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Ryan Adams’s 1989 and the mansplaining of Taylor Swift

Despite good intentions, Ryan Adams’s 1989 has enabled dozens of music journalists to mansplain Taylor Swift’s own album to her.

When I first heard that Ryan Adams was covering the entirety of Taylor Swift’s Eighties pop-inspired album 1989 in his troubled troubadour style, I thought of Butch Walker’s “You Belong With Me”, a stripped-back cover of Swift’s 2009 single I stumbled across on Spotify as a teenager. Around the same time, I found a compilation album called Guilt by Association: a smugly ironic affair that sees indie artists like Devendra Banhart and The Concretes cover bands like Destiny’s Child and Take That. The album’s titular pun rests on the assumption that pop artists are insincere and embarrassing; guilty pleasures that can only be truly redeemed by the authenticity of more alternative singers. Of course, this is a fairly unsophisticated, derivative approach to music. Pop songs are not inherently devoid of meaning, and alternative genres are not deep by default. It’s the kind of tired opinion you exorcise in your conventionally contrarian phase while listening to “Panic”. Yeah! Hang the DJ!!!!

Apparently not. The media’s most highbrow music critics, the same ones who barely batted an eye at Swift’s release, have rushed forward to gush over Adams’s transformation of a cheesy pop album into something more serious. In the words of American Songwriter, Adams is “bestowing indie-rock credibility” on Swift’s album, potentially even “showing her up by revealing depth and nuance in the songs” and “giving her a master class in lyrical interpretation”. The New Yorker’s review of Adams’s 1989 (it’s worth noting that the magazine did not review Taylor Swift’s album at all), is headlined “Haters Gonna Hate”. Like Guilt by Association, the joke dismisses the pop artists at the music’s core: “You’re going to hate this, but we actually reviewed an album written by Taylor Swift”. In it, Ian Crouch writes that Adams’s cover is “subversive” and “more sincere than the original”:

“‘Blank Space’, Swift’s posh, sexy provocation about the thrills of being a wild woman, becomes, in Adams’s hands, a hushed, whispery lamentation of troubled love. In that song, Swift’s ‘long list of ex-lovers’ is a boast about the hearts she’s broken; the same line, sung by Adams, is a warning about his emotional baggage, the heartbreaks he’s suffered.”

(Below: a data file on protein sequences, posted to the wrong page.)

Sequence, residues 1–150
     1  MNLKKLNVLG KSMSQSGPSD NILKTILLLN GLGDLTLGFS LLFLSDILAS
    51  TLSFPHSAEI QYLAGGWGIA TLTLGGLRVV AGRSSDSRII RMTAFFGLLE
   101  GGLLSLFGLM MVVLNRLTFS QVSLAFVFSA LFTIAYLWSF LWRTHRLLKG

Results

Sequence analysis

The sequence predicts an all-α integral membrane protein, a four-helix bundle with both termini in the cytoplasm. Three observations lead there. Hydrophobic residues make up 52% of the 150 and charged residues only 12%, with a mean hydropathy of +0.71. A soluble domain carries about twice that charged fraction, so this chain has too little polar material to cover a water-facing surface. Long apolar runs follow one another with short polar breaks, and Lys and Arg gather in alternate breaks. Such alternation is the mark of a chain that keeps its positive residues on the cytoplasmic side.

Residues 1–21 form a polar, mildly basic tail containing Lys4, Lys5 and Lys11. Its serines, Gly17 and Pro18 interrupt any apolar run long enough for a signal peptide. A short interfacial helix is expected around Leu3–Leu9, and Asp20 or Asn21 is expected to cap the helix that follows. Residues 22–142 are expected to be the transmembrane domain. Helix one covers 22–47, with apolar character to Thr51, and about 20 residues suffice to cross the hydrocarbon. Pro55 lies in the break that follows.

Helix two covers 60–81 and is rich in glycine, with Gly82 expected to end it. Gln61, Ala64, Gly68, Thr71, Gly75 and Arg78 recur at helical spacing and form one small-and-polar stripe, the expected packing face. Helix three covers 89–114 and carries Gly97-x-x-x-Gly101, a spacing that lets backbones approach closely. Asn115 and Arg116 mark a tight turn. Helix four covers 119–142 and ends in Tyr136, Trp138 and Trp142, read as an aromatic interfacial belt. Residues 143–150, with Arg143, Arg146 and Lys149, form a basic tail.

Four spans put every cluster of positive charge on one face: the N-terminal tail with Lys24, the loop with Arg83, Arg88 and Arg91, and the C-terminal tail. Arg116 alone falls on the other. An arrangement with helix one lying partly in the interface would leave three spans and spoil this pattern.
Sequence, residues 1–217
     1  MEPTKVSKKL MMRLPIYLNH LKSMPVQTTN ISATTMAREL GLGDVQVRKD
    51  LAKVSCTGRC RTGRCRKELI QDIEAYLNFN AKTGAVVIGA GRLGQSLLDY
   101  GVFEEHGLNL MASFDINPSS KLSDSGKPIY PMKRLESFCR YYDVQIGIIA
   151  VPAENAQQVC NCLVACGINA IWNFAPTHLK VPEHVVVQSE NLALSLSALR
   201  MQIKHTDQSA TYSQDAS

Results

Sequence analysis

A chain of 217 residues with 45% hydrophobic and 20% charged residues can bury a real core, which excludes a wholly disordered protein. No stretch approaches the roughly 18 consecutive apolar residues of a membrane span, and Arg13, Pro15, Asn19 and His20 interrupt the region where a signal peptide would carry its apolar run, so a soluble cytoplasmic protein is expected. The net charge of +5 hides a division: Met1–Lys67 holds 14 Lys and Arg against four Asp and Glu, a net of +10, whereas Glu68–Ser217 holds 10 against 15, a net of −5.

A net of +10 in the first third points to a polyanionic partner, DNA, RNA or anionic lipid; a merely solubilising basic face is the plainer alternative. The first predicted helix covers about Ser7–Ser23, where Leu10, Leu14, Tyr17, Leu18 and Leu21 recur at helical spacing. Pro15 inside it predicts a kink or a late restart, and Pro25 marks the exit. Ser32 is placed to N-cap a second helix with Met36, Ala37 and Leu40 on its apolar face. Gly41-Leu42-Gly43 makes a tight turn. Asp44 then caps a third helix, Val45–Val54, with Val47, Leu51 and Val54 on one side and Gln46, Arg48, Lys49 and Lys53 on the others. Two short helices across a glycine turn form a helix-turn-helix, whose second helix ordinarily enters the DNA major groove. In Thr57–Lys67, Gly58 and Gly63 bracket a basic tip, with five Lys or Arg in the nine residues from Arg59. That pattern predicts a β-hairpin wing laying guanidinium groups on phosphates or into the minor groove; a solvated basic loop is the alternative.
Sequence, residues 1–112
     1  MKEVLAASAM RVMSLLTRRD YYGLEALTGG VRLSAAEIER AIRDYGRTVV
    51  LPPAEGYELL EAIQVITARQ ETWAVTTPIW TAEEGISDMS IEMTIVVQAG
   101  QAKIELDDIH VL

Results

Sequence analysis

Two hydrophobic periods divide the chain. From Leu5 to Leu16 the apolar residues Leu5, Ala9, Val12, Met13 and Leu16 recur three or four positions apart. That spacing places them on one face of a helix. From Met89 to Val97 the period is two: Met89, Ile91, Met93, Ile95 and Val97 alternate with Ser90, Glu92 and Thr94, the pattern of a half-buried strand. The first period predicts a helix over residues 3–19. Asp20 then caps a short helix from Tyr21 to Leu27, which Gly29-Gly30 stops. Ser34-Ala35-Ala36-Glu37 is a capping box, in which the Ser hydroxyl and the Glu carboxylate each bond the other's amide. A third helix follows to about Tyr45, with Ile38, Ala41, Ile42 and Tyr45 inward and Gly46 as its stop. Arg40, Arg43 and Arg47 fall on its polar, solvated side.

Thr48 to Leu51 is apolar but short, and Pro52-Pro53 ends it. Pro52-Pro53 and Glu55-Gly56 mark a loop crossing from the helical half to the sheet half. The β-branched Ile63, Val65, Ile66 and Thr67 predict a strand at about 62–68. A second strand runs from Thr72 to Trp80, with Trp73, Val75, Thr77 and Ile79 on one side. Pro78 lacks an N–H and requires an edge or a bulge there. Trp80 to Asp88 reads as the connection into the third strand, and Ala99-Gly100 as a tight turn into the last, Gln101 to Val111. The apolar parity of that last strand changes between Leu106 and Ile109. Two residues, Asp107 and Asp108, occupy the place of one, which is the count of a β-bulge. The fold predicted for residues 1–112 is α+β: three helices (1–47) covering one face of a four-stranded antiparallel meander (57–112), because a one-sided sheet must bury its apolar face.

Crouch’s criticism is undeniably gendered. Swift is hypersexual and uncomplicated: something to be looked at, rather than seriously listened to. Indeed, for Crouch, Adams’s achievement is that he didn’t sympathetically engage with Swift’s lyrics at all, but simply appropriated her words by applying them to his own, more complex, man emotions.

“Something in his state of mind and musical sensibility listened to the romantic exuberance of a young woman’s pop album and heard his own melancholy. He responded with music that is both personal and generous.”

When Crouch celebrates Adams’s generosity and candidness, he does so because he sees these as qualities that Swift’s original lacks. Where Swift is “goofy”, “wistful” or even “banal”, Adams is “urgent, confessional, lonely”. Of course, these are the qualities that Adams, a genuine fan of Swift, so admires in the original songs. “They’re constructed from such an honest place,” he told Entertainment Weekly. “They’re all completely giving.” In the same interview, he also said that he sees Swift and himself as singing about the same things: “The world of romance and the confusion of being alive and knowing how you fit in – all that stuff is there. It’s what we write about.” This is hardly surprising: Adams and Swift are both singer-songwriters rooted in country music, who slowly but surely started pushing at the edges of their genre. The only difference is that while Adams danced around the mainstream, Swift was catapulted towards it.

A whole range of publications make a similar claim that Adams’s masculine, alternative cover lifts Swift’s original to higher plains. Even reviews that laud Swift’s original achievement applaud Adams for making us realise its strength, as though Swift’s album alone could never convince us. The Atlantic wrote that Adams “vindicated” Swift; the Telegraph that he exposes “emotion beating beneath [her] gleaming surfaces”; the A.V. Club that he provided “a stark reminder that Swift’s songwriting continues to deserve respect and kudos”. (Seemingly, only Pretty Much Amazing thought to invert this patriarchal logic with their piece, “Taylor Swift Writes Ryan Adams’ Best Album”.)